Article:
Spring 2020

About the Earth Issue Cover

About the Earth Issue Cover

Hidden messages abound in the cover of our latest issue.

Scientists Get Down to Earth on Climate Change

Scientists Get Down to Earth on Climate Change

Researchers talk about what they're doing outside the lab to protect our planet and how their training as scientists informs those efforts.

Poison in the Pavement

Poison in the Pavement

A deeper understanding of petroleum molecules is shedding a harsh light on how some of them behave in our environment.

There's a First Time for Sciencing

There's a First Time for Sciencing

In the first year of this new decade, we asked researchers about their most memorable first-time experiences as scientists. Here’s what they had to say.

Tushar Bhomwick celebrates his "Phew" moment.

The "Phew" Moment

A team tackling some gnarly physics using tricky techniques rounds a critical corner. Joy ensues. Then, back to work.

Recycled neodymium iron boride magnet blocks from Urban Mining Company.

Studying Magnets in Magnets

Researchers put little permanent magnets into large electromagnets to find out how to make them better.

Physicist Nick Butch discovered a Lazarus-like form of superconductivity in uranium ditelluride.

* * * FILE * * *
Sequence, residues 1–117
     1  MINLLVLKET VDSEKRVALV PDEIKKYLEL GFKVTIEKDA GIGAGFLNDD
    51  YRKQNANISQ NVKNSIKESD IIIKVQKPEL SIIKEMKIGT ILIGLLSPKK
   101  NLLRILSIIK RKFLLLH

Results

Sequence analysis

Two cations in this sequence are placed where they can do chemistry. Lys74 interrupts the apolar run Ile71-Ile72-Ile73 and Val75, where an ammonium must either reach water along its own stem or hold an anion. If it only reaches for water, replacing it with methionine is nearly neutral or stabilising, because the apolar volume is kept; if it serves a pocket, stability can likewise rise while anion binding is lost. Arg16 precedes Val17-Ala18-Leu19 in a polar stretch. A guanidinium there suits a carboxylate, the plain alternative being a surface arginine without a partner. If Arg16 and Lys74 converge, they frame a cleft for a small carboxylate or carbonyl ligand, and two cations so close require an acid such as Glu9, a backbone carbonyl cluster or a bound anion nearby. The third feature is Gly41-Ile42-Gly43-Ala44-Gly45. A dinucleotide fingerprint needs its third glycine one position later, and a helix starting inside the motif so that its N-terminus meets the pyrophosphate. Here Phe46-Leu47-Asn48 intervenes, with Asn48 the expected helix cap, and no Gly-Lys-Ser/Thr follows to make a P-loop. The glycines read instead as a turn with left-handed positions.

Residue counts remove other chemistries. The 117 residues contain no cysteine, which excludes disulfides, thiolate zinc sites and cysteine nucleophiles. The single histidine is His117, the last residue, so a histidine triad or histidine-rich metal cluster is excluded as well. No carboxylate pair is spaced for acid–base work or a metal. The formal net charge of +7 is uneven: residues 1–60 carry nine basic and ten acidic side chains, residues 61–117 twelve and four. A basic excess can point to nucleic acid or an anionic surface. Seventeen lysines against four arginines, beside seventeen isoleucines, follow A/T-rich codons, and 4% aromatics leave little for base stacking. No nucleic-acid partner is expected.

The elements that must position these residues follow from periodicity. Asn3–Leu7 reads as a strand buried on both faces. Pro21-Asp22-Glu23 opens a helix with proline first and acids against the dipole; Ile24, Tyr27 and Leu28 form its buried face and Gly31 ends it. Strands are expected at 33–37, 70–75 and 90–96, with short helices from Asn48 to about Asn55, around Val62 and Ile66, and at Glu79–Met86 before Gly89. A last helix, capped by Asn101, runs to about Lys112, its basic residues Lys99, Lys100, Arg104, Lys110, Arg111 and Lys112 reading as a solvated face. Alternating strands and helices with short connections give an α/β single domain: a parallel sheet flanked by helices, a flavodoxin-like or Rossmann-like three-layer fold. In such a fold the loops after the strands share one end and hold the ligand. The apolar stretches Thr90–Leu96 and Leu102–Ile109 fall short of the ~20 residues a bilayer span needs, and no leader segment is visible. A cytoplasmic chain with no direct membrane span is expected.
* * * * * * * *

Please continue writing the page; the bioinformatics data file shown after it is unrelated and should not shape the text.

A Superconductor Full of Surprises

High magnetic fields usually kill superconductivity. But in this material, it brought it back to life.

MRI images of the perivascular networks in the brains of four rats. Vessels with perivascular spaces (PVS) that appear to be common in different rats are highlighted using colored arrows.

Mapping the Brain's Weird Web of Waste

Using advanced MRI, a mechanical engineer tackles the question: "Why do you have these big fluid spaces in your head?"

Artsy-Chartsy

Artsy-Chartsy

With a little imagination and editing, discoveries found at national magnet labs could fit as well on a museum wall as they do on the pages of scientific journals.

A “kicker” magnet is tested for use in the high-luminosity upgrade to CERN’s Large Hadron Collider.

Joining Forces to Split Particles

The world's largest particle collider is getting even larger, and magnet labs are helping lay the foundation.

Friends Indeed

Friends Indeed

An understanding ear, a shot of confidence and emergency babysitting services: For underrepresented women in science, that's what friends are for.

From Material to Superconducting Magnet

From Material to Superconducting Magnet

Ernesto Bosque is helping to develop a promising superconductor into tomorrow's powerful electromagnets.

Representation of perfluorooctanesulfonate (or PFOS), one kind of PFAS molecule commonly used in fire-fighting foams. PFAS are known as “forever chemicals” due to the very strong bonds behind fluorine atoms (depicted in blue) and carbon atoms (depicted in white).

'Til Death Do They Part?

Some manmade chemicals feature bonds so strong they could last forever. And that's a life-threatening problem.